Humankind's Endless Quest for a Substitute Plugpack

I've been asked variations of this question often enough that I thought I'd give it its very own blog post. I hope it's suitably grateful.

I have a Canon Powershot A95, a wonderful little digicam - smart enough that I can take decent pictures with it, cheap enough that I can afford it, small enough I can carry it everywhere. Moreover, I just found out I can actually remote-control it with gphoto2. Huge vistas of time-lapse photography opened up before me. Only, it's hard to take a 7-hour time-lapse on one set of AAs.

Canon sells the "ACK600", an AC power adapter rated at 4.3 VDC and 1.5 A; but they sell it for $50.

On the other hand, just around the corner is a junk shop with a big cardboard box full of wall warts that have become separated from their widgets. Last time I went the guy sold me 5 for $4. Am I safe (assuming I get the polarity right) feeding my camera from a wall-wart rated at 4.3 VDC and 1.5 A? Or is the ACK600 especially well-regulated or something? Is the ACK600 likely to be supplying 4.3 VDC exactly, or something higher? Am I going to damage my camera if I feed it 4.3 VDC from my lab power supply?


I would not be surprised if none of the plugpacks in the junk shop's box are suitable for powering your camera. But it shouldn't be difficult to power the camera from some other plugpack.

(Note: This is another of my famous "all care, no responsibility" answers. No smoking wrecks which once were cameras will be replaced by the management.)

The great danger of old plugpacks is that they may be unregulated. A regulated power supply will (to a first approximation) always output its rated voltage(s). This means it's fine to plug a big "12V 10A regulated" power supply into a little "12V 75mA" device; a regulated power supply may behave oddly if it's extremely lightly loaded, but that's very seldom a problem.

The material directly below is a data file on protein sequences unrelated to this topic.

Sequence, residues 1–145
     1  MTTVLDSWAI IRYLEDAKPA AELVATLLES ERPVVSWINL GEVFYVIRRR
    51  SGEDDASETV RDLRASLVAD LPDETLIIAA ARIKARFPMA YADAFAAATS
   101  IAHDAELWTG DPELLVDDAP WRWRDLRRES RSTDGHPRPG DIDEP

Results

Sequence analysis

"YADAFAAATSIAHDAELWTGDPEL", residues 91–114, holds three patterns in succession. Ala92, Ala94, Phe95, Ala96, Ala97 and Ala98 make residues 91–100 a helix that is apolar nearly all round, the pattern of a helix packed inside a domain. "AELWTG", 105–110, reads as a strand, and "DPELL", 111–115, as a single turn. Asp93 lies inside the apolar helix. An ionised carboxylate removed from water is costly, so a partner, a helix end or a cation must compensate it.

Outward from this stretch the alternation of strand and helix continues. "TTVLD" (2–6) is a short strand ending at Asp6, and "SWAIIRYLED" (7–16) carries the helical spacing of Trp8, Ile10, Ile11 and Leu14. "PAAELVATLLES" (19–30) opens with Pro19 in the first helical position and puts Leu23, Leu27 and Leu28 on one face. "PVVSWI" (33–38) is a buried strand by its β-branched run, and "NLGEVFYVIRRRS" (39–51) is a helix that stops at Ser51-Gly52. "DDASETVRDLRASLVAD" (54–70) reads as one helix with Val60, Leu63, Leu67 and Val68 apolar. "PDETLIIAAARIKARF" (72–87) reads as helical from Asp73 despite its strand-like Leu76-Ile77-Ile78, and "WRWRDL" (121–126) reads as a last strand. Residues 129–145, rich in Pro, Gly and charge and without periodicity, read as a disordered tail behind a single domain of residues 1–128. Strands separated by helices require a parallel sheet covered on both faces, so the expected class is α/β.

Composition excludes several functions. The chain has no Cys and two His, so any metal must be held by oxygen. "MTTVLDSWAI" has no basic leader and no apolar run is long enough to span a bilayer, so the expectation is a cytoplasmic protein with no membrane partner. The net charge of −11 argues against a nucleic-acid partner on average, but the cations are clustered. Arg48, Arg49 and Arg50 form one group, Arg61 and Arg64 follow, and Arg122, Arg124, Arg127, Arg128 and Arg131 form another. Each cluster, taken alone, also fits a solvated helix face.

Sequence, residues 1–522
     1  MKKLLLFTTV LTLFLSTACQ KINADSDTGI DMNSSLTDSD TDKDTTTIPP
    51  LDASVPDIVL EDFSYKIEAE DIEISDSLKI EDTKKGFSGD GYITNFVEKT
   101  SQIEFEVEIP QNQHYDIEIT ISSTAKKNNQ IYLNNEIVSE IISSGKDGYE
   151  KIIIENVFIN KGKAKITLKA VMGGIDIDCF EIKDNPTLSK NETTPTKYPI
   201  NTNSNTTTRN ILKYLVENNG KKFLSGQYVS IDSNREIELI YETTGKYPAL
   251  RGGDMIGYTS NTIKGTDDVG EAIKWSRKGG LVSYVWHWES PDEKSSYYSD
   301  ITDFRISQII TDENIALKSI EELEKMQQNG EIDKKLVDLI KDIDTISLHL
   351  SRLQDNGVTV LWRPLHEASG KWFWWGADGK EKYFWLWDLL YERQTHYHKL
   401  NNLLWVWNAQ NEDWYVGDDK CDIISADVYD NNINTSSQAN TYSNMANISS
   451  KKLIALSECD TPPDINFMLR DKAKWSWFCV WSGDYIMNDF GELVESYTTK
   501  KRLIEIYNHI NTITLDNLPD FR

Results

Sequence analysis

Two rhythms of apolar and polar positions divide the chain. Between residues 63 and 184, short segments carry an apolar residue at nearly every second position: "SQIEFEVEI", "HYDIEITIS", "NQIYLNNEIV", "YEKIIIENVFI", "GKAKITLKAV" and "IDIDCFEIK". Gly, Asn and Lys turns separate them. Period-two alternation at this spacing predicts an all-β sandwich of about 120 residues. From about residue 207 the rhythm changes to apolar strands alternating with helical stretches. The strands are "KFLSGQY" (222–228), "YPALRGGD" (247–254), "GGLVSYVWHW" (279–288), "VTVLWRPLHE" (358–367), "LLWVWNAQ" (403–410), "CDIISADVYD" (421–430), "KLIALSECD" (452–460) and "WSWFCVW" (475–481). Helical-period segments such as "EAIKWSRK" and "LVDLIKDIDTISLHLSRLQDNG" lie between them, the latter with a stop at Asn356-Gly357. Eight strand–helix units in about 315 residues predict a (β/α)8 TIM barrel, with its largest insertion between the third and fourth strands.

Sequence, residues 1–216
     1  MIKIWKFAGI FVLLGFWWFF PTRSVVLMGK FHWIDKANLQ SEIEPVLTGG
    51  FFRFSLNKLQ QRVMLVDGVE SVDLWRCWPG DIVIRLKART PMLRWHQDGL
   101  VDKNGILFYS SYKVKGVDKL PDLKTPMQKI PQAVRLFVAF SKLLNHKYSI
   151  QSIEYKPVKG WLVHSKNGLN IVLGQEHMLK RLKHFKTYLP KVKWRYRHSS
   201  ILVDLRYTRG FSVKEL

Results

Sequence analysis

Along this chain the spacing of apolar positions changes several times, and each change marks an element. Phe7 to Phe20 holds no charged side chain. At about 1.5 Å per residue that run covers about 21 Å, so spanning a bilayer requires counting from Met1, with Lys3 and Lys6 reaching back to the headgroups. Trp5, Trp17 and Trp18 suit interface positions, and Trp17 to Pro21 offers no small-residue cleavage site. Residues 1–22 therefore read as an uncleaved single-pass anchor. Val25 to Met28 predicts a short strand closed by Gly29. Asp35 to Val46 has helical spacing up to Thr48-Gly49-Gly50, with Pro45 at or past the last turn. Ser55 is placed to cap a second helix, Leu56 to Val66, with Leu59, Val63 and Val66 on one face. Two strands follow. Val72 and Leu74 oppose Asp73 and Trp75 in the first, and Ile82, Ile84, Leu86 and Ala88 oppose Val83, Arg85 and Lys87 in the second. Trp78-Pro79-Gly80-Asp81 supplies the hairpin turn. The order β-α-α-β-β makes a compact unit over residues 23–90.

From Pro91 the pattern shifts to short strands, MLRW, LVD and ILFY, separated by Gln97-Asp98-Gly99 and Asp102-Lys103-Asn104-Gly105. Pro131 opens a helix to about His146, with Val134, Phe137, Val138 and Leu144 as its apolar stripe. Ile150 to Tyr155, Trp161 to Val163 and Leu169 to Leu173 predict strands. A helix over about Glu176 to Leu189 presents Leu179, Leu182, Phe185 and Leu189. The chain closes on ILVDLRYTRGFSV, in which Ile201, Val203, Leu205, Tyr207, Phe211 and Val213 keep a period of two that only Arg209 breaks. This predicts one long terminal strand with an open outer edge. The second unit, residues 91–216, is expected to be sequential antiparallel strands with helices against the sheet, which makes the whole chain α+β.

An unregulated plugpack, on the other hand, will only output its rated voltage when it's fully loaded. If it's completely unloaded, it'll deliver precisely root-two (1.414...) times its rated voltage.

If an old heavyweight linear plugpack (as opposed to the modern lightweight switchmode type, which are almost always regulated and usually accept a range of input mains voltages) isn't specifically labelled "REGULATED", you should assume that it isn't.

(The other trap waiting for you in the old-plugpack box, apart from breaking out the multimeter to make sure which output wire is the positive, is power supplies that have no positive output wire. Some plugpacks output alternating current, instead of the direct current that most small devices expect. An AC power supply for an old modem or something may have voltage and current specs that look fine, but if you plug it into a DC-expecting device and that device doesn't have rather robust reverse-polarity protection, a small noise and a funny smell will soon occur.)

It's reasonable to assume that most gadgets will accept their rated input voltage plus or minus ten per cent, but lightly loaded unregulated power supplies can easily be outputting more than 1.3 times their rated voltage. That can blow stuff up.

It's good that input a bit above or below the rated input voltage for a given device is generally fine, because the official power supplies for some devices have weird voltages. Yours is one such; "4.3VDC" is an oddball voltage that you're almost certain to be unable to find an a box o' power supplies. Your camera will probably run perfectly well from a 4.5V regulated plugpack, though, as long as that plugpack can deliver enough current. 1.5 amps is a bit on the high side (and the camera won't need it most of the time - only charging the flash is likely to push it above an amp), but current ratings that high are easy enough to find in off-brand switchmode plugpacks from electronics stores these days.

And yes, a bench power supply set to the same voltage and with enough current capacity will also power your camera just fine. This sort of setup, with an inline ammeter (don't trust the current meter on an inexpensive bench supply for more than approximate readings), can make it easy to figure out exactly what the acceptable voltage range for a given device is.

The camera may, for instance, still work but with obviously slower zoom speed at 3.7V, and it may not draw any more current (or actually draw less) at 4.8V than at 4.3V. In that case, you know you're pretty safe with the higher voltage. If a device starts drawing more current as you raise its input voltage, it's a good idea to stop raising the input voltage.

Even without such investigations, I'd be very surprised if you couldn't also rig up an old-style external battery pack wired to an appropriate DC input plug. Three alkaline D cells in a holder (for 4.5V nominal, and something in the order of 12 amp-hours of capacity even at a constant half-amp drain!) would probably be fine, and give you impressive run time. I'm also about 90% sure that four 1.2V NiMH cells in series (for 4.8V nominal) would be fine, even though they'd be rather more than 1.2V per cell when freshly charged.